Coach’s Challenge for 1/8/12 “Resolutions”

Good day, team.

It’s a new year, and I’m happy to say that I’m feeling more encouraged and invigorated by 2012 already. I think 2011 will go down as a challenging year for most of us.

This past week, I had many thoughts about what resolutions and goals I wanted to make this year. I’ve often made the mistake of choosing things I can do for awhile, but then my resolve weakens and the goal is lost. This year, I’m taking some advice from an article a client sent to me about small things we can do at work that will be helpful. Although this article is already 4 years old, it’s still as relevant as ever.

Rod Kurtz, the senior editor of Inc.com, says workers tend to overlook office behaviors when making New Year’s resolutions. In his December 2007 article, “11 Ways to Make your Job Better: Office Resolutions for 2008”, Kurtz suggests the following resolutions to improve your workplace lifestyle:

  • Fight the tyranny of the urgent. Be more productive by finishing small projects. Block off a period of time each day to take care of small tasks, leaving more time to spend on larger projects.
  • Clean your desk. A lot of clutter makes it hard to be productive, and a messy desk can equal a bad day. Take a few minutes each day to organize the piles.
  • Don’t be self-absorbed. Try not to ignore others; it may rub co-workers and subordinates the wrong way.
  • Come in early, leave on time. This forces workers to plan their day rather than wasting time and putting tasks off until later. Staying late isn’t always the best method.
  • Go to the gym — or don’t. Exercising relieves stress, but the gym isn’t the only answer. Workers can dance or participate in other activities outside the workplace.
  • Don’t shoot from the hip. Read through your e-mails and text messages before sending them. Make sure you know what you are saying.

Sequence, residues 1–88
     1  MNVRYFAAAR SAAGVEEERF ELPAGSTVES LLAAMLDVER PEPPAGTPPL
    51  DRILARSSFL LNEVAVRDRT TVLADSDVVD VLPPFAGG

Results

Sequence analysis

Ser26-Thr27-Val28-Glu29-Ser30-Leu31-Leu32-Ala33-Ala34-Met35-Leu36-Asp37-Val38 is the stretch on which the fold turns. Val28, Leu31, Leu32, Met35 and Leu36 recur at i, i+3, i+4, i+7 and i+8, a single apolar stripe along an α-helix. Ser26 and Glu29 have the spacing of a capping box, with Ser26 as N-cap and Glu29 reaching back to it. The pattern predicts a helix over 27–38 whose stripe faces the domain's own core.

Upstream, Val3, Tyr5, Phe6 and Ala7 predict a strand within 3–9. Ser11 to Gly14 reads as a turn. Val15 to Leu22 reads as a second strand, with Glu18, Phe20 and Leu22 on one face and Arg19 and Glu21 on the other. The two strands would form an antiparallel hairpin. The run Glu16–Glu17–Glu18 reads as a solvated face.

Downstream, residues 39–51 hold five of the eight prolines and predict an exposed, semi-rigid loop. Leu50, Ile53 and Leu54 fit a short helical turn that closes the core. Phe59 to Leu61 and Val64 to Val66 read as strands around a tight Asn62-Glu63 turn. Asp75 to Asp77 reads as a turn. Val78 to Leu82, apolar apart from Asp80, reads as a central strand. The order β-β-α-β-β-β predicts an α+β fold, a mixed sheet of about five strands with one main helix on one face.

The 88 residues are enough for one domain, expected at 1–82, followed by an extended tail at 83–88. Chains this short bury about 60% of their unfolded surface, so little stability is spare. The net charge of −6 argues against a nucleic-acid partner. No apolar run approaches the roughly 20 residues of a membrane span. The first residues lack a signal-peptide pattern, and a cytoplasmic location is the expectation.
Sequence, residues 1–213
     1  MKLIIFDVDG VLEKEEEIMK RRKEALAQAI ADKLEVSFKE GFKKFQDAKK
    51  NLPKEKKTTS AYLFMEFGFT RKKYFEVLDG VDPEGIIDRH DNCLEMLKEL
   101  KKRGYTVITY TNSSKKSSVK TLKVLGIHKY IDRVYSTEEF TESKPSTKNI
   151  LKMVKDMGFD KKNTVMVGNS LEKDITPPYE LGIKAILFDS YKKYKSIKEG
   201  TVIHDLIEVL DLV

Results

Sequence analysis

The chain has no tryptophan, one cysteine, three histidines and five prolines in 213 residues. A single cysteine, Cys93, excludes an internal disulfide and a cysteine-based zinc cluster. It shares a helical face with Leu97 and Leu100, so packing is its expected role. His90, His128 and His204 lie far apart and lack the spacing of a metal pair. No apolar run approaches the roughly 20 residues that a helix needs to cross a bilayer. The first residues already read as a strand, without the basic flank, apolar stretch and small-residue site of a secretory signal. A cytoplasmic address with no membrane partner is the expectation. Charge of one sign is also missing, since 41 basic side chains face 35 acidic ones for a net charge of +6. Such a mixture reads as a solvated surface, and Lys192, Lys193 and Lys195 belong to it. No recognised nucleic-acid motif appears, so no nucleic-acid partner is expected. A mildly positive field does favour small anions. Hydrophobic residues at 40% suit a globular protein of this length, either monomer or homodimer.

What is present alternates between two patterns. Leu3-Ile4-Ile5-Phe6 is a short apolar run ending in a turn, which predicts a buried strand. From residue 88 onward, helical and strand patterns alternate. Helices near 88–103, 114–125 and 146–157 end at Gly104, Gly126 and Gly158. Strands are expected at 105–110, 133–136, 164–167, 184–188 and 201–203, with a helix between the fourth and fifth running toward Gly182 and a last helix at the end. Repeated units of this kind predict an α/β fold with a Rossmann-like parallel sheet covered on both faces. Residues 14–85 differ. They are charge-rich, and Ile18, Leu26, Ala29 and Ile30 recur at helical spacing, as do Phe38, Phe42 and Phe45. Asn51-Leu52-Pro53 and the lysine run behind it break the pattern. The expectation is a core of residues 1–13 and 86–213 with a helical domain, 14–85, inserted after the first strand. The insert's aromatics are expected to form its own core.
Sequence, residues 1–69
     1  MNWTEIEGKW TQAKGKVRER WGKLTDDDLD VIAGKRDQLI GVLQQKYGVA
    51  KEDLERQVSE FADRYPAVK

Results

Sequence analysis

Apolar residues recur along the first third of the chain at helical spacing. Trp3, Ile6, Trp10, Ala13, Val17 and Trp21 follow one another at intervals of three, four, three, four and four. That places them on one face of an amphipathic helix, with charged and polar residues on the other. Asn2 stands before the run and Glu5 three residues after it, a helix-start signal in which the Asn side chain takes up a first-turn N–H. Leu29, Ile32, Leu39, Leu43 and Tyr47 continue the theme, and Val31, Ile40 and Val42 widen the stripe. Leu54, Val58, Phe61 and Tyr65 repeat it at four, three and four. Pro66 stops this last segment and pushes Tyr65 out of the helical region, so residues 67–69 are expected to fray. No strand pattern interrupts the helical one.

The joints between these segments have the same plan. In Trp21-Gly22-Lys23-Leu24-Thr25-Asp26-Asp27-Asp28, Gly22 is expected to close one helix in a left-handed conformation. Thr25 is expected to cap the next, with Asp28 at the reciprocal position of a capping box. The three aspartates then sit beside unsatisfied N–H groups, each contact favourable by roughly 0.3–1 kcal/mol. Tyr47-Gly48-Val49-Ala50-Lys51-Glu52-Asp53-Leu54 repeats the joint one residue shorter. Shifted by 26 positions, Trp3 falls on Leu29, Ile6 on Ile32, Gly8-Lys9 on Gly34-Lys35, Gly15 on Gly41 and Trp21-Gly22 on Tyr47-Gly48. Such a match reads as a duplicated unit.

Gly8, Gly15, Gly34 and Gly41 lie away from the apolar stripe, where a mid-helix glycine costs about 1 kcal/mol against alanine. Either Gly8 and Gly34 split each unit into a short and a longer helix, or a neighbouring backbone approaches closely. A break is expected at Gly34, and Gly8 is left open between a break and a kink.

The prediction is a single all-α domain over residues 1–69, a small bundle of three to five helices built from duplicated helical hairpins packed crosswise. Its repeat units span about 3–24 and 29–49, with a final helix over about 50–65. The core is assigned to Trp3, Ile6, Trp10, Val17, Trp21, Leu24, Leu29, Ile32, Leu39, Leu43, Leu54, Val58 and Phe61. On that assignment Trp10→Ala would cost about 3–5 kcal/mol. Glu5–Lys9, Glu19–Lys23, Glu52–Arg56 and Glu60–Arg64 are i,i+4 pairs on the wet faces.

• Spend more time with your family. Make an effort to be with your family. They are as important as clients (if not more so).
  • Thank people and give positive feedback. Try to reward a co-worker with recognition. A simple thank you can go a long way and make people feel better about their jobs.
  • Take time to vacation. Taking a break from work can be good for our bodies and minds, a mental break for our batteries to charge. Bringing work on vacation doesn’t count.
  • Develop yourself. Be in charge of your professional development. Taking a new course or asking co-workers or outside professionals for help can increase your knowledge.
  • Acknowledge your shortcomings. You need to realize that you aren’t perfect. Recognize your weaknesses and ask others for help. Identify your strengths and be willing to help others where they are not as strong. This will help strengthen work relationships.

Kurtz also suggests that the more specific you make your resolutions, the better chance you’ll have of continuing the behavior. So, for example, instead of saying, “I’ll keep my desk clean,” it would be more effective to plan to spend 10 minutes out of each day cleaning your desk. Write down your resolutions and review them. This will help remind you of what you resolved to do.

Your challenge this week is to choose resolutions and goals that are achievable. Be honest with yourself. If you resolve to lose 10 pounds, what are you willing to do each day to lose that weight? Expecting yourself to lose it all within a month is probably unrealistic. Cut yourself some slack when it comes to holding yourself to your resolutions. Consistent, small steps generally get us to our destination even if we don’t arrive there as quickly as we’d like.

Have a good week!

Kathleen

Note: Many thanks to my friends at Reclaiming Futures for sending me this article!

© Copyright 2012 Pathfinders Coaching, Scout Search Inc., all rights reserved.

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